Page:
Waikamoi Preserve provides an important sanctuary for hundreds of native Hawaiian plants and animals. It's high-elevation rain forest and alpine shrubland are home to 12 different native bird species, seven of them endangered, as well as spectacular plants like the blue ʻōpelu, a native lobelia.
TNC protects the native species that live in Waikamoi by managing the invasive weeds and animals threatening their survival. Our scarce funding goes towards on-the-ground land management, which is at the heart of what we do.
Why TNC Selected This Site
The East Maui watershed spans more than 100,000 acres across the windward slopes of Haleakalā, the 10,000-foot dormant volcano that dominates the east side of Maui. This vast koa-`ōhi`a forest is the last stronghold for 63 species of rare plants and 13 species of birds, seven of them endangered. The Conservancy established a preserve at Waikamoi, in the heart of the watershed, to provide a sanctuary for these birds and for hundreds of other native Hawaiian species.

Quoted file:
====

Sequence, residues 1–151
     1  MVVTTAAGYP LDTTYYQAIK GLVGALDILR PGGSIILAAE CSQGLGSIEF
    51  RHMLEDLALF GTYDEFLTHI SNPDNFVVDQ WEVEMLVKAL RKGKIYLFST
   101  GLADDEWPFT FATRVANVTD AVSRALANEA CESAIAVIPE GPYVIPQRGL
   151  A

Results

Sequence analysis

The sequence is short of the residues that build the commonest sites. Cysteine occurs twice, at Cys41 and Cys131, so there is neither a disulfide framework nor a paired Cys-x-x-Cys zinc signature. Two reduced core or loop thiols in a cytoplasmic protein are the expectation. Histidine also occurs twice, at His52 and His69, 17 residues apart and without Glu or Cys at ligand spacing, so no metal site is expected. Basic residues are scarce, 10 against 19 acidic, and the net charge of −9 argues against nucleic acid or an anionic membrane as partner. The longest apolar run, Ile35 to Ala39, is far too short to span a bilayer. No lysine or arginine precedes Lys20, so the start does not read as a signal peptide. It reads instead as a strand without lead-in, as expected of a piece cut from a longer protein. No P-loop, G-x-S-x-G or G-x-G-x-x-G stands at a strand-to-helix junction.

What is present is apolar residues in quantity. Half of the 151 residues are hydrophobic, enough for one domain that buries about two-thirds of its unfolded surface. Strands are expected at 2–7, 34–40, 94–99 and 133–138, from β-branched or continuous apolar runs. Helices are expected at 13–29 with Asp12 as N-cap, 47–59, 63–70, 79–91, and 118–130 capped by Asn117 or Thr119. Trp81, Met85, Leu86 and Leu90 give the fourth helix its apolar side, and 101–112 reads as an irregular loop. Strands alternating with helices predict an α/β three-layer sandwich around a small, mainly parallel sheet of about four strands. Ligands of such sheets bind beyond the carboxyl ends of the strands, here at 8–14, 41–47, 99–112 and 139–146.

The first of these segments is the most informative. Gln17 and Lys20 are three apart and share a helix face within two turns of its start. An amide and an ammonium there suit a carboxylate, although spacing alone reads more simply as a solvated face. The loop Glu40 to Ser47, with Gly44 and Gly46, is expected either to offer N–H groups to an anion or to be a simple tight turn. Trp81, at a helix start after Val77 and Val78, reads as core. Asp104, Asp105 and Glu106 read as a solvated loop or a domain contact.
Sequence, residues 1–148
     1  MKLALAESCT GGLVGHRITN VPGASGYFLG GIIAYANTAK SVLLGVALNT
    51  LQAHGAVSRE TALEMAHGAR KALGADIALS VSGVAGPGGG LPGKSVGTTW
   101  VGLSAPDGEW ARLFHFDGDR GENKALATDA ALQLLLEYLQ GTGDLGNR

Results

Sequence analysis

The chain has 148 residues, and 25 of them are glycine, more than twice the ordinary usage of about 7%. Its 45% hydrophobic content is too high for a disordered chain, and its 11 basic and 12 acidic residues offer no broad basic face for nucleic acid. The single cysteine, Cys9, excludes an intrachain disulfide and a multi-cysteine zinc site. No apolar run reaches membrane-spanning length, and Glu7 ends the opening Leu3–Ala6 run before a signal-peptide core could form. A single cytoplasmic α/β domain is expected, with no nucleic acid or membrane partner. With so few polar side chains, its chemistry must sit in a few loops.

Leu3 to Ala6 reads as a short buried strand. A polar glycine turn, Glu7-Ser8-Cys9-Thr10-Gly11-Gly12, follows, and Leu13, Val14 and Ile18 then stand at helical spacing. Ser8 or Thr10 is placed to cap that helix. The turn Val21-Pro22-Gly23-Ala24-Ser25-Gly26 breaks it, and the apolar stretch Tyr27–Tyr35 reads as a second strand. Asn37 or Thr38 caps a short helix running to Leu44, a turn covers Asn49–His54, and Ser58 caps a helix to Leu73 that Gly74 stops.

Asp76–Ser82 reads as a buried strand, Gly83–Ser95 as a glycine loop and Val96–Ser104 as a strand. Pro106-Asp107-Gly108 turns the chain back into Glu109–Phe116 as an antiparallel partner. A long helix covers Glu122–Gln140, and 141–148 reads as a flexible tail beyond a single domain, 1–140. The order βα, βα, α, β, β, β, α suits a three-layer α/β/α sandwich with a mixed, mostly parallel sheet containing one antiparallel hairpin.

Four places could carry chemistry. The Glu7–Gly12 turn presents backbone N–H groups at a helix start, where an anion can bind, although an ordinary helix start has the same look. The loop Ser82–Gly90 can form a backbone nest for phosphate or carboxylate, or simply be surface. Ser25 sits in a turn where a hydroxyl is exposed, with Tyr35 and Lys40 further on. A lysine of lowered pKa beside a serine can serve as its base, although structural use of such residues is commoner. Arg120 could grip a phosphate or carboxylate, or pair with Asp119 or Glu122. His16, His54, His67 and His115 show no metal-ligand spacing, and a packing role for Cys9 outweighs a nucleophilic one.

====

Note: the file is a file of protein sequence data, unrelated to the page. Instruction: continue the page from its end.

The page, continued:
What TNC Has Done/Is Doing
Waikamoi Preserve became a reality in 1983 when the Haleakalā Ranch Company granted a conservation easement to TNC over 5,230 acres. The preserve was expanded in 2014 when landowner Alexander & Baldwin conveyed a conservation easement over an additional 3,721 adjacent acres, bringing the total to 8,951 acres and making Waikamoi the largest private nature preserve in the state. The preserve protects part of the 100,000-acre East Maui Watershed, which provides 60 billion gallons of clean water annually to Maui's residents, businesses and agricultural community. TNC, Haleakalā Ranch and Alexander & Baldwin continue to work together (as part of the East Maui Watershed Partnership) to protect some of the best remaining forest in all of Hawai`i.
Waikamoi Preserve is managed in partnership with the State Department of Land & Natural Resources through the Natural Area Partnership Program.